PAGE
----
Suboptimal health as a predictor of non-permanent employment in middle age: a 12-year follow-up study of the Northern Swedish Cohort
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Earlier research on health-related selection in the labour market has concentrated on selection of those with poor health into unemployment. The purpose of the present study was to investigate if suboptimal health also predicts non-permanent employment.
A population cohort of 517 men and 477 women was surveyed at age 30 and at age 43 about their health and yearly employment. Non-permanent employment during the follow-up was assessed for its occurrence with Cox regression and for the amount (accumulation in months) with generalised linear models.
Suboptimal self-rated health, sense functioning and sleep quality in women and suboptimal mood in men predicted high accumulation of non-permanent employment. By contrast, in men, suboptimal self-rated health and sense functioning predicted low accumulation. The gender differences were statistically significant. Smoking predicted high occurrence and accumulation of non-permanent employment equally in men and women, whereas no associations were seen with overweight and alcohol consumption.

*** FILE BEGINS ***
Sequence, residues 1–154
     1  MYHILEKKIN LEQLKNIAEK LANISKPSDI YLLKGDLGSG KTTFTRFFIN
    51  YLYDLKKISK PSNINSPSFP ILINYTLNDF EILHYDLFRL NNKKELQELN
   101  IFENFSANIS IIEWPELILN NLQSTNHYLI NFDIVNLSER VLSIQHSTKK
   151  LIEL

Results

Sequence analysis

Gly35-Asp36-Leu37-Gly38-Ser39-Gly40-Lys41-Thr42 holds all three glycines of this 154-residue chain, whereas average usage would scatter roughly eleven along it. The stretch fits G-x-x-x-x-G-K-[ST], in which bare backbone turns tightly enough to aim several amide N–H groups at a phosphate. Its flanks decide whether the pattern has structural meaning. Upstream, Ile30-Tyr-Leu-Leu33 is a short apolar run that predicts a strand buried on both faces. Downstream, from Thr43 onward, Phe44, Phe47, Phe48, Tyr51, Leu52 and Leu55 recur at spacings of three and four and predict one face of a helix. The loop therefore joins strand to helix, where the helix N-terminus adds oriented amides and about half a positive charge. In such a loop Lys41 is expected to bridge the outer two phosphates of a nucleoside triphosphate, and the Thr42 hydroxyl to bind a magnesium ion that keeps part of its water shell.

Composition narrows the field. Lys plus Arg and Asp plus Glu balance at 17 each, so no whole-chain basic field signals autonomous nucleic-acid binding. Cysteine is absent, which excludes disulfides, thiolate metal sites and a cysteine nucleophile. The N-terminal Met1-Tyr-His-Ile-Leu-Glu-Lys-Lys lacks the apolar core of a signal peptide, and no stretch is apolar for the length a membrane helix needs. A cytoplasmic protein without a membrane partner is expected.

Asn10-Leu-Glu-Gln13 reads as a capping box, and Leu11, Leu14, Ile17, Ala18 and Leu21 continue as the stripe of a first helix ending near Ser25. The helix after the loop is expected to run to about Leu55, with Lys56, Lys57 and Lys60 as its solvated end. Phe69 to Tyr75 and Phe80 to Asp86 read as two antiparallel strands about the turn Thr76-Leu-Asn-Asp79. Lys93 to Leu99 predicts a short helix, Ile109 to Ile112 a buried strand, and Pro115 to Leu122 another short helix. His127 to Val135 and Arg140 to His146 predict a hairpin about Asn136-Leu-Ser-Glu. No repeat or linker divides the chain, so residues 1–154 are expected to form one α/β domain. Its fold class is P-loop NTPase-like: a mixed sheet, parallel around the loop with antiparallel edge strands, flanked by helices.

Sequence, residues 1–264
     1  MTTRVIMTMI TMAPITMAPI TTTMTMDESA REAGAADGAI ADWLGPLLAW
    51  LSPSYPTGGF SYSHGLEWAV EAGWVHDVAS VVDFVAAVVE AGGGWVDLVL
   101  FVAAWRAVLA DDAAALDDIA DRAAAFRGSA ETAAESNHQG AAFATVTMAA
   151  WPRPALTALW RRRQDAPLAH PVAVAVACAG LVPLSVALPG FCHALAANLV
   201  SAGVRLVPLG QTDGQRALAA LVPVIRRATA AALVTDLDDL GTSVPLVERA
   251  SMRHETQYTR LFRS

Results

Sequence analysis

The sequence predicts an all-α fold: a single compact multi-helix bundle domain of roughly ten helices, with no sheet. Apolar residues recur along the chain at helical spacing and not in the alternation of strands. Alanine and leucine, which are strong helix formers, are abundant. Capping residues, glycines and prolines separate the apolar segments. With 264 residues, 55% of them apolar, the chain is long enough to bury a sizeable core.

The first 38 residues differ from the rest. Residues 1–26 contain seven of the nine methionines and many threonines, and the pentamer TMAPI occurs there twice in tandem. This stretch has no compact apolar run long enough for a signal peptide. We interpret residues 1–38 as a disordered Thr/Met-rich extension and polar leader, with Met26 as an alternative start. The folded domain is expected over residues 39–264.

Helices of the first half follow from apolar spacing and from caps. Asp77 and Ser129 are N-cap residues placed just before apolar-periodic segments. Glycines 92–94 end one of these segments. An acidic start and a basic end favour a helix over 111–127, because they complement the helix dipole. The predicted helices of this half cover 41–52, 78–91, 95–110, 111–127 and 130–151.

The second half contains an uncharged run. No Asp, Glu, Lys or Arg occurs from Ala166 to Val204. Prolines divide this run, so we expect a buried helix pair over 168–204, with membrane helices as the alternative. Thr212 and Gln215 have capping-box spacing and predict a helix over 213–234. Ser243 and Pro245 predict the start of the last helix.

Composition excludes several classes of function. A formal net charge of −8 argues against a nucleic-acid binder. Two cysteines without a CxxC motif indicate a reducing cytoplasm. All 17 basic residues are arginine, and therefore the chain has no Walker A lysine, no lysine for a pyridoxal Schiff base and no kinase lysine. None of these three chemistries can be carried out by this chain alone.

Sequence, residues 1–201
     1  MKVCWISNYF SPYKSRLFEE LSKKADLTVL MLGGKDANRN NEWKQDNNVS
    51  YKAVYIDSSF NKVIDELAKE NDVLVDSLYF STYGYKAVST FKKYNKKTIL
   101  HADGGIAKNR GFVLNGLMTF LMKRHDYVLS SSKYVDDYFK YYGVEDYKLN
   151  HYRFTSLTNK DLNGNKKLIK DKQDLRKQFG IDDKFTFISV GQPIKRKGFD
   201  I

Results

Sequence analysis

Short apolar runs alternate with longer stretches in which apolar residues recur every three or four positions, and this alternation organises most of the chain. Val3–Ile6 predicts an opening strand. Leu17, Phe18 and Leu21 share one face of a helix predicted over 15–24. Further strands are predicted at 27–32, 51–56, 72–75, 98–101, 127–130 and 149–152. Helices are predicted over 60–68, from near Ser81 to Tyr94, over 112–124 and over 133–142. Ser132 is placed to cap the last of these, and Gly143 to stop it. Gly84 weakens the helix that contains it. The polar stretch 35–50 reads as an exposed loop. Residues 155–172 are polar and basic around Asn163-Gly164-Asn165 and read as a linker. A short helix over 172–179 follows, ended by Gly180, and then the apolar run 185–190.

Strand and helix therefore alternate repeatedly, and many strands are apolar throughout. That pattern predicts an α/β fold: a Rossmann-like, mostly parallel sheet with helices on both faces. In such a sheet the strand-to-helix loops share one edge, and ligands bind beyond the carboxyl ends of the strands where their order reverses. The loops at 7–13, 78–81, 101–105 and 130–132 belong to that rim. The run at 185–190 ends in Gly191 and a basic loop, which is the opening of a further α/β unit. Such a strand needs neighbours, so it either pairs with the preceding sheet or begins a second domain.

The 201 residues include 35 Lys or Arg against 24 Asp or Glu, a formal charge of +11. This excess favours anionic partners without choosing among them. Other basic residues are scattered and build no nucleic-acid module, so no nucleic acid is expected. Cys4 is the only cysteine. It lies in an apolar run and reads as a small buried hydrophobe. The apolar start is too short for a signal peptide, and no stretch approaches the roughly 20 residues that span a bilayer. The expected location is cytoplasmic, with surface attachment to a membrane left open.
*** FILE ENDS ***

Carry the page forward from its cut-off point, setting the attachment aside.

Selection into non-permanent employment was shown for several indicators of suboptimal health. A gendered pattern was found, with more health selection among women. The findings of this pioneering study should be tested with further research.
KeywordsTemporary employment Health selection Self-rated health Mental well-being Health behaviour
This work was partially supported by the Umeå Centre for Global Health Research, with support from FAS, the Swedish Council for Working Life and Social Research (grant no. 2006-1512) and by Academy of Finland (grant no. 132668).
Conflict of interest
The authors declare that they have no conflict of interest.
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